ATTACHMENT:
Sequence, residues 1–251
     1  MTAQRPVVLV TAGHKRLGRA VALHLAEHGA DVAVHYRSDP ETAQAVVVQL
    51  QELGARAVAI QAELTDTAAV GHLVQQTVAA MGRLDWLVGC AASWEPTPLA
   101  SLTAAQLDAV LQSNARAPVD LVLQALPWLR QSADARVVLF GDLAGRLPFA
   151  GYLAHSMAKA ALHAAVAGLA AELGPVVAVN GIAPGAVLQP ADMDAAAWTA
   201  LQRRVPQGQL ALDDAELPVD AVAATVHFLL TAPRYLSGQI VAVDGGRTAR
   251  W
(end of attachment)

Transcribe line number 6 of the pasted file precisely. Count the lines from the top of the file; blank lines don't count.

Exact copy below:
   201  LQRRVPQGQL ALDDAELPVD AVAATVHFLL TAPRYLSGQI VAVDGGRTAR